Who: “By cutting corporate taxes we…boost real wage growth,” The Coalition’s ‘Our Plan’.
The claim: That wages will increase as businesses pass on the reduction in tax through lower prices, having the effect of increasing real wages.
The facts: The claim relies on American studies cited in the Henry tax review. However, the US company tax system is different to the Australian system.
Over Australia’s post war period company taxes started off at 45 per cent or more and have been reduced to the present 30 per cent. In the meantime, wages as a percentage of national income did not increase as the claim would predict, falling from 57 to 54 per cent of national income, according to national accounts figures. Australia’s own history of cutting company tax rates does not support the view that wages should have increased.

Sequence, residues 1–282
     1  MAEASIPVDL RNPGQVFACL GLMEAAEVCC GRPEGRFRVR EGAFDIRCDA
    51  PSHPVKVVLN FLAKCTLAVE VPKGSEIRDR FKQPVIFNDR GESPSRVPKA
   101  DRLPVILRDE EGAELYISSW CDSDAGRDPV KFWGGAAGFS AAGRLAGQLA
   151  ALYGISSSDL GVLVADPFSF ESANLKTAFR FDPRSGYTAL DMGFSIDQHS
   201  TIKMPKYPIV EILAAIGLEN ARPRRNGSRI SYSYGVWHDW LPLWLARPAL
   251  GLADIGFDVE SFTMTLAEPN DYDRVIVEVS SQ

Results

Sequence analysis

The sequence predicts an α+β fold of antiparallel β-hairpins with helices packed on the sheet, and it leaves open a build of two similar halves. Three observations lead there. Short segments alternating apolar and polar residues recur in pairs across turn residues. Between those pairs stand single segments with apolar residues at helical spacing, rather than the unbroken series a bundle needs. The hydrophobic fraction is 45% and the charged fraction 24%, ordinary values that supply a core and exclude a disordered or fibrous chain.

The finding: There is serious doubt that the academic and theoretical work underpinning the claim is valid in the Australian context and the available evidence does not support the claim.
Discussion of evidence: One of the studies cited in the Coalition’s ‘Our Plan’ suggests that a one per cent change in company tax rate would change wages by ‘close to’ one per cent. In Australia, using budget figures and national accounts data, that study would mean a company tax cut of $2.2 billion (one per cent) would boost wages by ‘close to’ $7.1 billion (one per cent of the wages bill).
An earlier study by The Australia Institute shows that the company-tax-cut/wages link is not supported by the evidence in Australia.
Furthermore the studies cited to support the claim do not apply in a tax system that includes dividend imputation. This means company tax is treated as a pre-payment on behalf of individual taxpayers who receive dividends and then receive a credit for the company tax already paid. The ultimate owners of the business do not benefit from company tax cuts.
Tanya Martin Office Manager
Jake Wishart Senior Media Adviser